While the Taliban laid siege to Afghanistan, the commander in chief was hiding from the American people.
Instead of President Joe Biden behind the Resolute Desk addressing the crisis, Americans watched the news replaying weeks-old videos of Biden defiantly stating what would prove to be inversely prophetic: “The Taliban is not the North Vietnamese army. They’re not remotely comparable in terms of capability…There’s going to be no circumstance where you see people lifted off the roof of an Embassy of the United States from Afghanistan.”
Thirty-eight days later, images of U.S. forces airlifting personnel from the roof of the American embassy splashed across TVs in American living rooms.
Other images, too. After Biden had to surge more forces back into Afghanistan, scenes of U.S. military forces evacuating frantic hordes of U.S. and allied civilian personnel from the mayhem on the tarmac in Kabul unfolded in real-time. Americans watched in horror as desperate Afghans clung to the outside of American transport planes, then plunged thousands of feet to their deaths, preferring that fate to the mercy of the Taliban.
The events are hard to fathom. Is it possible an American president, with decades of foreign policy experience, failed to consider second and third-order effects? That he failed to consider the seasonal warfighting patterns unique to Afghanistan? Failed to make realistic and necessary operational preparations, or accurately assess what would happen to Afghan National Security Forces (ANSF) once they didn’t have U.S. aerial support and the direction from U.S. special forces? Is it possible our president failed to have a plan to evacuate U.S. civilians and our most at-risk partners and then failed to develop a clear message to the American people?
It is not only possible, it is our very real, national nightmare.
On Monday afternoon Biden finally addressed the nation. He was defensive of his decision to completely withdraw, did not own up to the disastrous way his decision was planned and carried out, and blamed Trump for his bad deal with the Taliban (though the deal was based on conditions that the Taliban did not meet) and on the ANSF saying, “Americans cannot and should not be fighting in a war that Afghans [in the] military aren’t willing to fight themselves…This is not in the American national security interest.”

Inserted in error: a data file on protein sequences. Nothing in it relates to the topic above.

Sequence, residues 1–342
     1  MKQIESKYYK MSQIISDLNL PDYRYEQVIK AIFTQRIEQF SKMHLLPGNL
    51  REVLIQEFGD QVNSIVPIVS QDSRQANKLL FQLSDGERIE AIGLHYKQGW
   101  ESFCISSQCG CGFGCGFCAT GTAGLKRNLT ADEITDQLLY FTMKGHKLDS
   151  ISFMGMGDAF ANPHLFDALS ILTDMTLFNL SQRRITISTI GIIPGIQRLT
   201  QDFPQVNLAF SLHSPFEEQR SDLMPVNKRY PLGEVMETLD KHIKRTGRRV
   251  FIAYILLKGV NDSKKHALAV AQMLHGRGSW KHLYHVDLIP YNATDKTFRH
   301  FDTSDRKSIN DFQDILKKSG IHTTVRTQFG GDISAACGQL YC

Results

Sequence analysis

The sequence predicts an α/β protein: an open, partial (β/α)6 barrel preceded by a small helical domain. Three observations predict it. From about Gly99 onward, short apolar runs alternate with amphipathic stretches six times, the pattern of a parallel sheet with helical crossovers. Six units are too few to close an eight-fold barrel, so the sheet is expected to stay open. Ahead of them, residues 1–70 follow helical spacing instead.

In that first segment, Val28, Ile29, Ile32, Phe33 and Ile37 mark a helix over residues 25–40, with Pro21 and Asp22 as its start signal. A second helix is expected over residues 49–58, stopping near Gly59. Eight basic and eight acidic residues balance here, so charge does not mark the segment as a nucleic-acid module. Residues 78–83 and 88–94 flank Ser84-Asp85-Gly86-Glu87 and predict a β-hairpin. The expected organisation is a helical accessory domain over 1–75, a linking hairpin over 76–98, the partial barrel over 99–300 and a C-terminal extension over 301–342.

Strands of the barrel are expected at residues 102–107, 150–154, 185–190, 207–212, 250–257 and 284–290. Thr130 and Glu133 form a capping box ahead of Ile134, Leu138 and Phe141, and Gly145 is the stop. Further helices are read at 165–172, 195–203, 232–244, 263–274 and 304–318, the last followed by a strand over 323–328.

Don’t be fooled.
It is true that Trump wanted out. But he left a residual force in place. It is also untrue that the ANSF’s did not fight the Taliban. Since roughly 2014, and then especially since Trump’s dramatic drawdown to a mere few thousand forces, the ANSF were conducting dangerous ground operations and more than 50,000 lost their lives in that time. Many more were injured. The U.S. forces were providing support and guidance, and confidence– something the ANSF simply could not do without.
As for whether it is in our national security interest to maintain a small presence there and keep control of the invaluable Bagram Air Force Base, the president is wrong. What was not in our national security interest was the nation-building, counterinsurgency project that required a large and endangered troop presence. The American people were behind the war in response to 9-11—to kill Al Qaeda and those who harbored them. Support for the effort dwindled as the scope of mission grew, cost more American lives for an unachievable project.
It didn’t have to be this way. The U.S. government could have decided to do only what was militarily achievable—destroy the enemy wherever he hid—including in Pakistan– and we could have de-escalated our involvement years ago. After thousands of precious warriors’ lives were lost, we should have at least maintained a very small presence there, like the U.S. military presence at the end of Trump’s term, to keep order, conduct airstrikes, and to back the ANSF.
If only we had a competent, honest, able, governing class to recognize this and carry this through.
Read in Inside Sources